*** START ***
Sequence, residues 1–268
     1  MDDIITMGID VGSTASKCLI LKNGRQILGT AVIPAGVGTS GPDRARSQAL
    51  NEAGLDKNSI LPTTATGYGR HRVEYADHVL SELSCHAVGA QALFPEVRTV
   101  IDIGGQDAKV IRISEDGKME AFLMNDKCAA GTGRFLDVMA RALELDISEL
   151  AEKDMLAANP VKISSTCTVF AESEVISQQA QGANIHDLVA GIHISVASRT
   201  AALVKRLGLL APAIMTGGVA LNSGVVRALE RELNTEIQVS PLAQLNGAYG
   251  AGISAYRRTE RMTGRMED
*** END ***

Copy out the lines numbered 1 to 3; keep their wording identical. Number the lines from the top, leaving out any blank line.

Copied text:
Sequence, residues 1–268
     1  MDDIITMGID VGSTASKCLI LKNGRQILGT AVIPAGVGTS GPDRARSQAL
    51  NEAGLDKNSI LPTTATGYGR HRVEYADHVL SELSCHAVGA QALFPEVRTV